Landscapes

The English landscape

Someone, perhaps Robert Brooke wrote a line to the effect ‘how fortunate to be in England now spring has come’. Whether we are technically still in spring I am not sure, but in this week of sunshine, how can one feel other than grateful for the landscape in which we live. We should be happy that our Neolithic predecessors cleared the land of forests, for the centuries in which all our predecessors and ancestors gave us a landscape which owes as much to human effort as to nature.  And how fortunate that for the majority, access is possible to rural England which still makes up over 90% of our land.

How lucky we are in this country, that, except where the Forestry Commission or tax dodgers have inflicted on us plantations of fast-growing evergreens, our landscape is filled with a splendid mix of native and imported varieties of deciduous trees. Fortunate also that individual trees have the space in which to grow freely and impress with their statue and in the case of the horse chestnut, particularly now, their blossoms.


I appreciate it may be easier to write this from the county of Worcestershire where agri-business has not created vast fields and a much barer landscape, but even in eastern England it is possible to find relics of past farming practice and oases of ‘the natural world.’

One last ‘rant’, if only certain individuals who have great influence via television could remember that our landscape is essentially man made and that our populations of mammals, birds and insects reflects this. Parts of Europe still have wolves, lynx and bears to maintain the natural balance of wildlife. Without natural predators, humans, who created that situation in the first place, have to intervene unless our national stock of non- predators is to become sickly, subject to disease and starvation and, worst of all, unwanted. You cannot manage the land and wildlife for centuries and then just walk away.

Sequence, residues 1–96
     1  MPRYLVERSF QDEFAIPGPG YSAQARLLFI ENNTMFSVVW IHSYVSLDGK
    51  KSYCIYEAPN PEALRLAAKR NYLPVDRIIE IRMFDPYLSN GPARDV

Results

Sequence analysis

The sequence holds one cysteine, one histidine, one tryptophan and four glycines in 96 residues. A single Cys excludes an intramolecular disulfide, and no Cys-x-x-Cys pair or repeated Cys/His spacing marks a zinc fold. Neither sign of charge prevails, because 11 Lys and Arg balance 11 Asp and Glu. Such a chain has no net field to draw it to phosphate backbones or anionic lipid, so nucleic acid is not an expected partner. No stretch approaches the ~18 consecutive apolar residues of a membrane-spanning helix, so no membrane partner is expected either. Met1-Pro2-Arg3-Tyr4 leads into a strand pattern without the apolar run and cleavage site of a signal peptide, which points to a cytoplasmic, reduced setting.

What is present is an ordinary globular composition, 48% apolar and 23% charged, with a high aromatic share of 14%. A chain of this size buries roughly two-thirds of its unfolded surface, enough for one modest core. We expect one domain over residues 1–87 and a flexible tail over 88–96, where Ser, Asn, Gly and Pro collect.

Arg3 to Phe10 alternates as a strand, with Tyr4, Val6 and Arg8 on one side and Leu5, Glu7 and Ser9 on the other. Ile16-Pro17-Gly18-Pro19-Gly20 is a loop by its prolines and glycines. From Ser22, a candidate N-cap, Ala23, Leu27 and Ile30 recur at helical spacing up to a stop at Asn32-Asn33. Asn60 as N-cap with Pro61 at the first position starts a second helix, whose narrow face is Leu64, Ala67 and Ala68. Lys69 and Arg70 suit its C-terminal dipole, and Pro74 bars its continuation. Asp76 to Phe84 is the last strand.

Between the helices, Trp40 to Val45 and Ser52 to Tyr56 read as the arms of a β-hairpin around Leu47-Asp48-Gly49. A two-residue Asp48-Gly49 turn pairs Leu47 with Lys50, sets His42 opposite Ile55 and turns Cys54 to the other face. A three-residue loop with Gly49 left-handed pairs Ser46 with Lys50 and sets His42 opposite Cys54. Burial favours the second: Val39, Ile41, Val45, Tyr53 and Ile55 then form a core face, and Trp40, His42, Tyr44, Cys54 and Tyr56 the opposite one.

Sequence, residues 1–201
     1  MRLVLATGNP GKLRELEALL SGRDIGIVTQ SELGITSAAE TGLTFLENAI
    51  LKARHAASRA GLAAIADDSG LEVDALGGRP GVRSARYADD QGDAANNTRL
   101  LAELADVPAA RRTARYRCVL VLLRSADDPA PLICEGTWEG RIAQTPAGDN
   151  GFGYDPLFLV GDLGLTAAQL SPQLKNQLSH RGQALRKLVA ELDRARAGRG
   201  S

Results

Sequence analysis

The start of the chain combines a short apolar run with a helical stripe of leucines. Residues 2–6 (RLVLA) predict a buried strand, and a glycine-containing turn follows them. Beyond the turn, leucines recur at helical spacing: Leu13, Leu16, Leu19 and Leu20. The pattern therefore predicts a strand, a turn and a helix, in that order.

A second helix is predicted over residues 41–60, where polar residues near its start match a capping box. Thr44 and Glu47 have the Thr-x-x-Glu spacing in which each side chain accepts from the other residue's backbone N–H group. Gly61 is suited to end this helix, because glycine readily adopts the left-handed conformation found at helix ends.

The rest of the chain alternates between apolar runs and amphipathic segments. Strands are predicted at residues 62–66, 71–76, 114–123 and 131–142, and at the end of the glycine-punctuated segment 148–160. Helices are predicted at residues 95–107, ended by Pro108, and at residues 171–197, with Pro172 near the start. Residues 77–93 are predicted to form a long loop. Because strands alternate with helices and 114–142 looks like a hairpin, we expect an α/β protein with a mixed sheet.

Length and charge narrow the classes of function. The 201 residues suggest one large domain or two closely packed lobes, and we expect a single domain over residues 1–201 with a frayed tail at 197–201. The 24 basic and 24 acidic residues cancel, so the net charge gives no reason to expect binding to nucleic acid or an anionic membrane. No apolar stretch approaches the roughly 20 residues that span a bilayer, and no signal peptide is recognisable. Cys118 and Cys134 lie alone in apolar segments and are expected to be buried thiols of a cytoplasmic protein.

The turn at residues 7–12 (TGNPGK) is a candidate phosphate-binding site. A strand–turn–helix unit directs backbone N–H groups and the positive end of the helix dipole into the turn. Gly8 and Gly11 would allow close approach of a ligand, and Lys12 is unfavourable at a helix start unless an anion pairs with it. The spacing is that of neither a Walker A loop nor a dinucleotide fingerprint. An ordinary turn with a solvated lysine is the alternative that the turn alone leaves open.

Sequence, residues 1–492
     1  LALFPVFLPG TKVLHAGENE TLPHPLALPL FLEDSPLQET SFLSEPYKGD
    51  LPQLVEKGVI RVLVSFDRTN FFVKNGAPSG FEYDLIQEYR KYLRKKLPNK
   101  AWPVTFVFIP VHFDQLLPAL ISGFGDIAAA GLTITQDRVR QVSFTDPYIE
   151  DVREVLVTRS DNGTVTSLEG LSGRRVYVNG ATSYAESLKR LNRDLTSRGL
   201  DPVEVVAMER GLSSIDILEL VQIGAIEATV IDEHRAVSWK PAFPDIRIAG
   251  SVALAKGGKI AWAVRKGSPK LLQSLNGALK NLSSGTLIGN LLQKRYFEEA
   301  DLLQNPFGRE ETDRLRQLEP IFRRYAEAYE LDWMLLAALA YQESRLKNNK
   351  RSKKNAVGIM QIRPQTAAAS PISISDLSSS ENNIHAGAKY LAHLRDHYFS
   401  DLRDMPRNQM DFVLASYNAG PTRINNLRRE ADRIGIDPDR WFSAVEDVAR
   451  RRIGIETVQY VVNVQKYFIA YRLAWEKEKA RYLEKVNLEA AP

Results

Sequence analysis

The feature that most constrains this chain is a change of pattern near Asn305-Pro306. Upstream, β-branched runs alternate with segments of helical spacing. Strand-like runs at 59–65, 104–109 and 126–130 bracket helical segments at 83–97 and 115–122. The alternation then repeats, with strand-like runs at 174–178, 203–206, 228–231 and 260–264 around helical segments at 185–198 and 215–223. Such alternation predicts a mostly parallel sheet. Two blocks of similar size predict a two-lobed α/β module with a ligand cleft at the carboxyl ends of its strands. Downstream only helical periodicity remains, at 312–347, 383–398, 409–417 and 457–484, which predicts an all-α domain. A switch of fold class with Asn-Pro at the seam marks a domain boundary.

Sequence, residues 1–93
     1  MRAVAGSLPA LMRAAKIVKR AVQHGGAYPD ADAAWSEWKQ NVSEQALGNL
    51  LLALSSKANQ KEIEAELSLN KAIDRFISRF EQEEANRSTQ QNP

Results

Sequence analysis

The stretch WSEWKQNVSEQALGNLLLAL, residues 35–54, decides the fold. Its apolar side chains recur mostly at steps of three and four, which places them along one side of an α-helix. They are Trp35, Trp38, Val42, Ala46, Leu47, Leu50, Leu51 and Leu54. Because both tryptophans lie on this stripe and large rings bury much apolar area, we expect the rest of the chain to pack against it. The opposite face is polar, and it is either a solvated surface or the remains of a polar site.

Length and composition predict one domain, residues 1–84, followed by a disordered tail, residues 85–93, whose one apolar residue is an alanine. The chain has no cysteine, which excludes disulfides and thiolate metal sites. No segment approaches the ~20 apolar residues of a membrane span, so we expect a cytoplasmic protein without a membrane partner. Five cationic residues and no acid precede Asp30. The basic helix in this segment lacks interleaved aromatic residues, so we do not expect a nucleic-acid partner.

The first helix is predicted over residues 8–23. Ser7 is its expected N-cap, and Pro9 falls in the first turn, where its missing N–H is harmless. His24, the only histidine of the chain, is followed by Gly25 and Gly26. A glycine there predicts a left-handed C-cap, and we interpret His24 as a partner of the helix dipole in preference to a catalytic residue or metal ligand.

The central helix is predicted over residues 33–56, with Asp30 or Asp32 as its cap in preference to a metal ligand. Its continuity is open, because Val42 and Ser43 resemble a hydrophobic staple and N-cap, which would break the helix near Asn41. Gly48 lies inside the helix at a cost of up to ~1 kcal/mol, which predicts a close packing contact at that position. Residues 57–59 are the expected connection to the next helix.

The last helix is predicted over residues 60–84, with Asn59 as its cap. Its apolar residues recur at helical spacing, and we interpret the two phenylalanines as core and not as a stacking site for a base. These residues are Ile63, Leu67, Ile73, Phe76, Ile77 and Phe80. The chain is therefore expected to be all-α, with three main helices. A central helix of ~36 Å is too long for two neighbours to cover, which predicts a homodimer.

More new life on the farm

I might of course have opened in a different vein if the week on the farm had been dreadful but that has not been the case. We have had more lambs, a set of triplets and a set of twins – Fleurine having had a chance to be a midwife. The cattle seem content and we have had more calves. It has been a week in which more tasks than usual have been ticked off the ‘job list’. The calves have had their first clostridial vaccination and our lambs have also. With the emergence of the dreaded bluebottle fly the ewes have had treatment early to minimise the risk of fly strike. Despite this, there had already been one ewe attacked. With the aim of maintaining an orf free flock, the homeopathic orf nosode was again used.

Mob grazing

Pasture growth is such that we have been able to move into our version of mob grazing so there is a flow of animals to new pastures – both cattle and sheep. The re-sown fields are already looking green. We still have eight fields to cultivate and drill in the autumn – the resown fields have to provide grazing before then!